Today in history, Ethiopian Emperor Haile Selassie was born, the Eastern Cherokee Council held a meeting in discuss President Jackson’s proposal to turn their lands into what is now called Oklahoma, and one of the deadliest riots in US history broke out on 12th Street in Detroit.
This is Marc Steiner, and today is July 23rd. Welcome to This Day In History.
(Selassie is the Chapel)
That’s Selassie is the Chapel by Bob Marley and The Wailers. It’s a rewrite of the of the song Crying in the Chapel and was written for Ethiopian Emperor Haile Selassie, who was born on this day in 1892. Revered as a God incarnate by the Rastafarians, he was a highly admired, revered and controversial monarch. Legend has it he is descended from Menelik the First, son of Abyssinia’s Queen of Sheba and King Solomon. He fought wars in Ethiopia to become King, defending the country against the Italian Fascists who invaded his nation in 1936. He became one of the most respected international leaders. His regal bearing as the Lion of Judah, as well as his internationalism and anti-colonialism, set him on a pedestal in the world. His rule modernized Ethiopia but was fraught with human rights violations and he was eventually overthrown by an even more despotic leadership. In the eyes of many Africans and the Diaspora, he seen as the Monarch of free African people.
In 1832, the Eastern Cherokee Council held a meeting in Red Clay, Tennessee to discuss President Andrew Jackson’s proposal for their removal from their lands to what is now called Oklahoma. The Council told Jackson’s representative Joshua Chester that they would not move because it violated previous treaties that allowed them to stay on their ancestral land. But the die was cast as far back as President Monroe who came up with the original idea for Cherokee removal when gold was discovered on their land. Three years later, they were forcibly removed from their land and marched a thousand miles to what is now Oklahoma from Tennessee, North Carolina and Georgia. Over 4,000 Cherokees died of starvation, exhaustion and the cold.
In 1846, author Henry David Thoreau was imprisoned for refusing to pay his federal taxes that went to support slavery and the Mexican War. Thoreau said “I cannot for an instant recognize . . . as my government [that] which is the slave’s government also.” The next morning, he learned that someone paid the tax for him, and he was released. He wrote a lecture that’s known as “On Civil Disobedience” which was a huge influence on the political philosophies of both Gandhi and Dr. Martin Luther King.
On this day in 1967, one of the deadliest riots in United States history broke out on 12th street in Detroit. It began with the police raid of an unlicensed, after-hours bar. There were about 80 black people at the bar celebrating the return of two local GIs from the Vietnam War. The police decided to arrest everyone present, and while police were arranging transportation to take them away, the doorman of the club through a bottle at a cop, which set off fighting between Detroit residents and the police. Riots, looting and protests continued for five days, and by the end of it, 43 people were dead and 342 injured, and 1,400 buildings burned.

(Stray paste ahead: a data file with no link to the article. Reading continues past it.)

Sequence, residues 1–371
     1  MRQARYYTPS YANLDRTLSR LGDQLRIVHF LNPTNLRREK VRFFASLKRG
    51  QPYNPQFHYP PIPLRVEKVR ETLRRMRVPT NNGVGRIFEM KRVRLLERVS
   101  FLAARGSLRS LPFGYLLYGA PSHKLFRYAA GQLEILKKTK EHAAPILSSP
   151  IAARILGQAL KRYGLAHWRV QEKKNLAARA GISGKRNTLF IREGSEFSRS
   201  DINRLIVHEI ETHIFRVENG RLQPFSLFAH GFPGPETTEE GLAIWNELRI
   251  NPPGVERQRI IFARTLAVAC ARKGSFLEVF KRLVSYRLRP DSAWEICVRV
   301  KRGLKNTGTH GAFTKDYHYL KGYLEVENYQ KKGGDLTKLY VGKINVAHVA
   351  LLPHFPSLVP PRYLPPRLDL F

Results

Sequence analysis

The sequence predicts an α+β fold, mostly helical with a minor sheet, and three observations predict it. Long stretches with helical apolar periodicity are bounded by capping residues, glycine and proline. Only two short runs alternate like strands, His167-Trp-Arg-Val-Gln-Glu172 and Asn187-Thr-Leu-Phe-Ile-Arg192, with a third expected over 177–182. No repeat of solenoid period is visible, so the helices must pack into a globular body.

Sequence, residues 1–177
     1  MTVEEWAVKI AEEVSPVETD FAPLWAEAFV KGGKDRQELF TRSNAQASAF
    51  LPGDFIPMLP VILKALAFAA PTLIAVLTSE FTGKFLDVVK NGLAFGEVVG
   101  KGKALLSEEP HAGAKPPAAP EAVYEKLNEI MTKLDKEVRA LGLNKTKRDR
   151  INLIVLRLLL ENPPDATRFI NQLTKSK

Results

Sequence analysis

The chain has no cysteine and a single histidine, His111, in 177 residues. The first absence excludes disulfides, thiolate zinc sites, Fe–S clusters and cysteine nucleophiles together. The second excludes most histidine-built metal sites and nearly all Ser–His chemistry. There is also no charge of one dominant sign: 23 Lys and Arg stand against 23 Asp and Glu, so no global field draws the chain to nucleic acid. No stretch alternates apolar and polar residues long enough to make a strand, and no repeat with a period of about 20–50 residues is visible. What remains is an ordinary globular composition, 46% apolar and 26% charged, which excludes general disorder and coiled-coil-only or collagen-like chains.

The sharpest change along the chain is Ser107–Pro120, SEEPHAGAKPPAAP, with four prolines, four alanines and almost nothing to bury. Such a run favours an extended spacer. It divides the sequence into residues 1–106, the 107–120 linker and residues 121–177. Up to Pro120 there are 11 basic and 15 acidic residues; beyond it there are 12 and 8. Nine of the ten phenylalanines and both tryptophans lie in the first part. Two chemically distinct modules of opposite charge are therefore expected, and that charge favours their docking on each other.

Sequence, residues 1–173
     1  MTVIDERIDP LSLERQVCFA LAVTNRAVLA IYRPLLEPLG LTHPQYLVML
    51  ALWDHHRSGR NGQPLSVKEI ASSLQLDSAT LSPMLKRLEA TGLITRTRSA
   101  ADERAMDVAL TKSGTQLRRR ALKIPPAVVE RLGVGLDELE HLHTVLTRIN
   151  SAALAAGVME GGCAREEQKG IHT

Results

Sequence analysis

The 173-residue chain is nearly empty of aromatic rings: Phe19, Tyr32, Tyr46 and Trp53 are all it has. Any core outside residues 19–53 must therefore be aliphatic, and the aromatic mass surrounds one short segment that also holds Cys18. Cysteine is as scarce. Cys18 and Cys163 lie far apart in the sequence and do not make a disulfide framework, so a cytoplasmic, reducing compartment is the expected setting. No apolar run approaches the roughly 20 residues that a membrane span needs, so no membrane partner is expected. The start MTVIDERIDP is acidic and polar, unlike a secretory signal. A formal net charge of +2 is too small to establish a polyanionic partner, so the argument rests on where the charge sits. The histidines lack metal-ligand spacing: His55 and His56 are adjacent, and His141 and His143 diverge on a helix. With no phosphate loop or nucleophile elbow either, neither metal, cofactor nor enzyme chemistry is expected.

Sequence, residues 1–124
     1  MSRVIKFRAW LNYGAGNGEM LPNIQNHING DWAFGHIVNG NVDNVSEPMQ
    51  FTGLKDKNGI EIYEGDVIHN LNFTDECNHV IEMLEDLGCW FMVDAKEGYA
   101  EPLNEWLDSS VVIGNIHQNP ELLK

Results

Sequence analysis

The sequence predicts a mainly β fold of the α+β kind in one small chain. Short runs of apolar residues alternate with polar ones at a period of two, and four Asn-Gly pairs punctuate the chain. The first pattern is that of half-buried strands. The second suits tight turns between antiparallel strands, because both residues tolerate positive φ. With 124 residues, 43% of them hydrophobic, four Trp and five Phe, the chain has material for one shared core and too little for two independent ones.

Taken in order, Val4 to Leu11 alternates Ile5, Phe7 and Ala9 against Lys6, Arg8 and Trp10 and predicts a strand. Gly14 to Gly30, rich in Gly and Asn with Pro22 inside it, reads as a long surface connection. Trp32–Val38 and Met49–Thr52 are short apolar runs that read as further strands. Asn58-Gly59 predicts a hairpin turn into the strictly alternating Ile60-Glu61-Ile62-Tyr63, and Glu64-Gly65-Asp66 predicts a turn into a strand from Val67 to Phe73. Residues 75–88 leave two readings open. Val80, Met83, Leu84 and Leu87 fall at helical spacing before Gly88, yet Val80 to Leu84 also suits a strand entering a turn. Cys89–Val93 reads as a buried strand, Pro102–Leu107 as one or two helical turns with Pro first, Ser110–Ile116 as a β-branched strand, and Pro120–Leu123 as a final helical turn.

Two seminal events happened in the history of broadcasting on this day. In 1926 Fox Films patented the Movietone program for incorporating sound into film, allowing for spoken dialogue to enter movies for the first time. And in 1927 the Indian Broadcasting System went on the air in Mumbai, India. It would soon become one of the broadcast leaders on the planet.
And on this day in 1936, William Grant Still took the conductor’s podium at the Los Angeles Philharmonic, becoming the first African American to conduct a major American orchestra. He was not only a brilliant and prolific classical composer, he was also the first African-American, to have a symphony performed by a leading orchestra, the first to have an opera performed by a major opera company, and the first to have an opera performed on national television.
Here’s a song for your July 23. It’s by one of the earliest rock and roll stars, someone whose guitar work, vocal style and stage presence defined early rock and changed musical history. Before he released his first solo work, this artist performed with Johnnie Johnson’s trio, where he first started experimenting with playing country music. He said “Curiosity provoked me to lay a lot of our country stuff on our predominantly black audience and some of our black audience began whispering ‘who is that black hillbilly at the Cosmo?’ After they laughed at me a few times they began requesting the hillbilly stuff and enjoyed dancing to it.” His first single was a reworking of an old country song called Ida Red, and was a huge hit. The artist is Chuck Berry, and the song is Maybellene. It was released on this day in 1955.
(Maybellene by Chuck Berry)
To continue your exploration of this day in history, take a look at some of our favorite sources: Charles H. Wright Museum: Today in Black History; African American Registry; BlackPast; NYTimes on this Day; EyewitnessToHistory.com; The Civil War Trust; Voices in Labor: Today in Labor History; Union Communication Services at The Worker Institute: Today in Labor History; BBC On This Day; The Holocaust History Project; PBS African American World; PBS; Today in Women’s History; South African History Online; This Day In North American Indian History; Jewish Virtual Library; The People History; Wikipedia List of Historical Anniversaries; Yenoba; and This Day in Music